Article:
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Choosing Native Shrubs for Pollinator Gardens

May 9th, 2024

By Sr. Maxine Pohlman, SSND, Director, La Vista Ecological Learning Center

La Vista’s pollinator garden at the Immaculate Heart of Mary Novitiate in Godfrey, IL, is taking on a new look this season. At the wise advice of our master gardener, we’ve introduced native shrubs which are often. overlooked when planning a garden to serve pollinators.


(Blooming button bush)

– One mature shrub, like the buttonbush pictured here, can provide more nectar and pollen than a single perennial plant. This bush just hummed with bees and butterflies in April and May!

– Some flowering shrubs bloom early in the season, providing food before other native flowers; for example, outside the office at La Vista, spicebush bloomed while it was still quite cool. Native bees abounded on the small yellow flowers before I observed them anywhere else.

– Native deciduous shrubs often offer seasonal interest; for example, in addition to flowers in spring and summer, they  may provide fruit, nuts, seedpods, or berries, like these developing on the spicebush pictured here. In late summer they turn red, attracting wildlife.          

– Many native plants are larval hosts for butterflies and moths.

– Once established, most shrubs will not need watering!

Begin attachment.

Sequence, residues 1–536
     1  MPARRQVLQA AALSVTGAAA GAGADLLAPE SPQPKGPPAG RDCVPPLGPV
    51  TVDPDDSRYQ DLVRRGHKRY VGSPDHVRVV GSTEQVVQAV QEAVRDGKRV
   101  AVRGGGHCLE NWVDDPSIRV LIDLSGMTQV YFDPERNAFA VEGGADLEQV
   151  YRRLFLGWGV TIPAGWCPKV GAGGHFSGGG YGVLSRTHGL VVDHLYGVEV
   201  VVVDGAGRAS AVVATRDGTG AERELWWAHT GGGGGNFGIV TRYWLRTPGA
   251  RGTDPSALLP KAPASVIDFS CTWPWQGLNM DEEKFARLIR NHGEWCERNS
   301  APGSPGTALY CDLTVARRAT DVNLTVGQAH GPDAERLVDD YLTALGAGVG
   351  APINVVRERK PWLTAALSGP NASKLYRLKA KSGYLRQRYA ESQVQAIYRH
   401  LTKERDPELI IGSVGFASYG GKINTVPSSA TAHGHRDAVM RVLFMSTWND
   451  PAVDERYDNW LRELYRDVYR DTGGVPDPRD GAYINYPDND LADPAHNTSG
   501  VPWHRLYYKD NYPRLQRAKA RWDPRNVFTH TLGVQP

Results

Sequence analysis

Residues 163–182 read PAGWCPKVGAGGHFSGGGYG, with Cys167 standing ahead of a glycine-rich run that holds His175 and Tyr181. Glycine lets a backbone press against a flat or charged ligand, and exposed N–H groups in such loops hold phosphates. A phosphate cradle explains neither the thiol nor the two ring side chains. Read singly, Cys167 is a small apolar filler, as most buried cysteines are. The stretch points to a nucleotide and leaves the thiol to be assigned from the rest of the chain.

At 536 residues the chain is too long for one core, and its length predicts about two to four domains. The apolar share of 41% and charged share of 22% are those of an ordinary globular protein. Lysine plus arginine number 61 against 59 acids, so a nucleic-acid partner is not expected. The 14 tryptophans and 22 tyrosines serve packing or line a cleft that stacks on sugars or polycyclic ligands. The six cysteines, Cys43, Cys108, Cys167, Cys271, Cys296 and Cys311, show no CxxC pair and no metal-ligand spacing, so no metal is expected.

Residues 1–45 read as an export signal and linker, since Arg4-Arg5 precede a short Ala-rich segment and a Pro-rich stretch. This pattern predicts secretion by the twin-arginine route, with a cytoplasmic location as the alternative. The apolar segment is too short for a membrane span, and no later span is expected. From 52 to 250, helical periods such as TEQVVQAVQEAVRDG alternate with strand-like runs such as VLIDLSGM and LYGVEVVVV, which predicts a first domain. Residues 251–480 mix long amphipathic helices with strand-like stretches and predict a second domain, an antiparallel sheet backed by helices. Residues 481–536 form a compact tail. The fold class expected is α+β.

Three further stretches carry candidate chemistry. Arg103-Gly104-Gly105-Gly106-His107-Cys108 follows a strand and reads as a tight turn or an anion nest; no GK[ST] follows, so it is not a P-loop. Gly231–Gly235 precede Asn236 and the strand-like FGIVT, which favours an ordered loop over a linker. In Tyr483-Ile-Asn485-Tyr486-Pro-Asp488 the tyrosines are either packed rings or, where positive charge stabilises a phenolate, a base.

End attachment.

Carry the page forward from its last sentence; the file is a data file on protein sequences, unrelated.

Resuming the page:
– No need for fertilizers, pesticides or herbicides on these natives!

What Are Native Species?

Native species are those that evolved in an area along with animal life, unlike naturalized species introduced by humans, such as those brought by Europeans when they colonized this country as well as those sold by nurseries because they have some special appeal for the unaware gardener. Many nurseries now have a special “native plant” section.

Natives we planted include: nannyberry viburnum, fragrant sumac, buttonbush, black chokeberry, black elderberry, spice bush, arrowwood viburnum and witch hazel. All are doing well in their second year.

(Immature berries on spice bush)

(Native bee on bloom)

A New Garden Ethic

Since development and agriculture have eliminated much pollinator habitat, since we have used pesticides so prolifically for so long, and since the climate and biodiversity crises are upon us,  it has become our responsibility to plan a garden not only pleasing to the human eye, but also beneficial for pollinators including bees, butterflies, moths, bats, birds, wasps, flies. 

To read more about this, get Benjamin Vogt’s book A New Garden EthicLet this quote entice you:


“Simply put, environmentalism is not political; it’s social justice for all species marginalized today and for those facing extinction tomorrow.

By thinking deeply and honestly about our built landscapes, we can create a compassionate activism that connects us more profoundly to nature and to one another”.

(La Vista Pollinator Garden)




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